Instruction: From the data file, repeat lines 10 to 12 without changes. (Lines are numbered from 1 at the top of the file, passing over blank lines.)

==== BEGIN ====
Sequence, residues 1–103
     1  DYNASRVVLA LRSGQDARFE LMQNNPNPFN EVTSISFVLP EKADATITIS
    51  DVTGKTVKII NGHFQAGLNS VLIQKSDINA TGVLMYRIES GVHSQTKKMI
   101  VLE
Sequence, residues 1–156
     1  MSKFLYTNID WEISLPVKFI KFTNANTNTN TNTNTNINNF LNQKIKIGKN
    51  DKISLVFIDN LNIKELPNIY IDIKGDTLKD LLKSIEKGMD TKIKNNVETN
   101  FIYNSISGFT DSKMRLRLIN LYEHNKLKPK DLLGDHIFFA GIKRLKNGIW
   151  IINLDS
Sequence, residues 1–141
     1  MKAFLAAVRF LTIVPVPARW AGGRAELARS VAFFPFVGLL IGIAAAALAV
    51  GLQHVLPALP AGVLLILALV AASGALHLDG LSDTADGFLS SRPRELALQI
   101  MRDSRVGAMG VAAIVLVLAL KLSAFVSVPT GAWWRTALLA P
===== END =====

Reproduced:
Sequence, residues 1–141
     1  MKAFLAAVRF LTIVPVPARW AGGRAELARS VAFFPFVGLL IGIAAAALAV
    51  GLQHVLPALP AGVLLILALV AASGALHLDG LSDTADGFLS SRPRELALQI